And thus, one of the major criticisms of this second instalment must be that they keep the two protagonists apart for too long. I like that Blomkvist, the audience viewpoint figure, is left in the dark, separated from his one-time partner in investigation for much of the film. It gives the audience the upper hand to some extent, except for how Blomkvist’s detective abilities now seem only to span as far as threatening to publish people’s names unless they give him information.
The second viewing was also informed by the selection of extras available on the Blu-ray, which include some cast and crew interviews that gradually devolve into irrelevance. They’re edited and shot by John Lindqvist, apparently, and I don’t know if it’s the same John Lindqvist who wrote Let The Right One In, but either way, they’re a tad rubbish.
However, some of them do go some way to informing the film itself. Filmed guerrilla style on the set of the film, we find Micke Spreitz, who’s much more talkative than Ronald Niedermann, his character in the film. In his interview, and in the accompanying action scene dissection, Niedermann vs. Roberto, we see that he’s not really an actor.
This alone informs the leaden performance necessary for a character who’s essentially a Bond henchman along the lines of Jaws or Oddjob. Niedermann is a 7-foot tall Aryan bloke who has the physical quirk of being immune to pain. The effect of his sudden appearance in this sequel after the straight-faced and issues-driven original is similar to the effect a talking animal would have if it showed up in the middle of Schindler’s List.
That said, the other stand-out interview on the disc features Georgi Staykov, the actor who plays the sub-Bond villain who compounds the goofier stance of the sequel, Alexander Zalachenko. The interview finds him in the make-up chair, as he concludes his day of acting by having the burns-wound prosthetic removed.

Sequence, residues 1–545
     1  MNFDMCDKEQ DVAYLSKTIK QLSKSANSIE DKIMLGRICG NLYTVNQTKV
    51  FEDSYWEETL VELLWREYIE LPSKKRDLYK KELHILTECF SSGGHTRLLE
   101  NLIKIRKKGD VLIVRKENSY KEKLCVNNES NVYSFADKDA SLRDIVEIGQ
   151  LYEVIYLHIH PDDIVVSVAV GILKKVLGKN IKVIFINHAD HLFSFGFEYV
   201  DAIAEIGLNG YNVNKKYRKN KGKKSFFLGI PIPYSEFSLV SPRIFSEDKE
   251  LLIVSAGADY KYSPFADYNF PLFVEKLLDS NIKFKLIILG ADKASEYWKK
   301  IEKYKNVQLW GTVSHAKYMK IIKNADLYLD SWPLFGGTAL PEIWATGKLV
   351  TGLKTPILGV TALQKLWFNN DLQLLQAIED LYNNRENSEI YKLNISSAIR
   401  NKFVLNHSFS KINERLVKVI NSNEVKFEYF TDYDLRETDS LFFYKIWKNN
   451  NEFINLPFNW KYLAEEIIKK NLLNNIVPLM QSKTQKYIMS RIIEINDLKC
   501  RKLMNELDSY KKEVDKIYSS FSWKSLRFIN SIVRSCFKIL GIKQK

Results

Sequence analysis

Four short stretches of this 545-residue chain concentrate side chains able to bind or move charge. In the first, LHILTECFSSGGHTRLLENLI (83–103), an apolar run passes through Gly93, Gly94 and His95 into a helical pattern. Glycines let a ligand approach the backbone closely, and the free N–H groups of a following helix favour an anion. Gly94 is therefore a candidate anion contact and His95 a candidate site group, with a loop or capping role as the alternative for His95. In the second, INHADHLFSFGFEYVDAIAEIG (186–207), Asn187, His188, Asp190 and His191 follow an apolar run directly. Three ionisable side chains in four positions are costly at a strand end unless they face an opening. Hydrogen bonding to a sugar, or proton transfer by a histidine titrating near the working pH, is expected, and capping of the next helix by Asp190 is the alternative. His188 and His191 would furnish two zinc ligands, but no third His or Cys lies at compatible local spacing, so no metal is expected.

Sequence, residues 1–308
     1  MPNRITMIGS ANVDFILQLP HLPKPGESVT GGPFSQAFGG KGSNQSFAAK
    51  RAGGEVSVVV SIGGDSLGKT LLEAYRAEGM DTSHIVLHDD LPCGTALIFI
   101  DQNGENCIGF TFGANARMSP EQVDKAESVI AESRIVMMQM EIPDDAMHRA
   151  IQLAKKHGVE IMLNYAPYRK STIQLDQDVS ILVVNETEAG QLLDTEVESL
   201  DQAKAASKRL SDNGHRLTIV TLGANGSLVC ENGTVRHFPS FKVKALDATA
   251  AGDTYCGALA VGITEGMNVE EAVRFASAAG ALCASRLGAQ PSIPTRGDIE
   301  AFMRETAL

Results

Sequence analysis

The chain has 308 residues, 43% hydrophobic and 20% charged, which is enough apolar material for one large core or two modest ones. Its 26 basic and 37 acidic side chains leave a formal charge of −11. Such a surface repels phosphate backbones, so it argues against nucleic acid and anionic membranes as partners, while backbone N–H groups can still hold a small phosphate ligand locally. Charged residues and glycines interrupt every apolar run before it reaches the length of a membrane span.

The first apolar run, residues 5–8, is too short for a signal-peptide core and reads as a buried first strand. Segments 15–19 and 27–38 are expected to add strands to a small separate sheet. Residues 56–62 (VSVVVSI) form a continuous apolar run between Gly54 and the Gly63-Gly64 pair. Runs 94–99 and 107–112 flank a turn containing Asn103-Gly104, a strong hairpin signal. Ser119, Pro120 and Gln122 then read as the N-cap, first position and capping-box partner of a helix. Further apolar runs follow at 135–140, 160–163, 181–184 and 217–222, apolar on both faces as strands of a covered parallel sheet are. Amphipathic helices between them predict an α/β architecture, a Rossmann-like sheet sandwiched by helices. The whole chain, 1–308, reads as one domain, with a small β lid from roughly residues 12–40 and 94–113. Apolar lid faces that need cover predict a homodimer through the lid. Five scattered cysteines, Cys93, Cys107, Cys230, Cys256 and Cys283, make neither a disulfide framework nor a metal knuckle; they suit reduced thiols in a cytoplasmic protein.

We get to know Staykov as the make-up is removed, and the effect of seeing a much younger actor at the end of it all makes it a beautifully judged and edited sequence in a special feature that thereafter turns into an interview where the first assistant director explains what a first assistant director does, and so on with other crewmembers, dispensing with any insight into the actual film.
For all of this slightly negative criticism of The Girl Who Played With Fire and its Blu-ray release, this is only to break down exactly why the film falls somewhere beneath the pedestal held by the first instalment. It’s still a decent watch with all of its flaws, and it’s arguably the most cinematic outing for Lisbeth.
In the lead role, Rapace expands her outstanding performance and embellishes her rendition of the character with consummate cool and heartfelt expression. The following instalment, which is also previewed in the extra features, is much weaker for featuring less of Lisbeth.
The Girl Who Played With Fire is simultaneously a follow-up and a stage-setter, and holds together much better than its sequel.
The Girl Who Played With Fire is out now on Blu-ray and available from the Den Of Geek Store.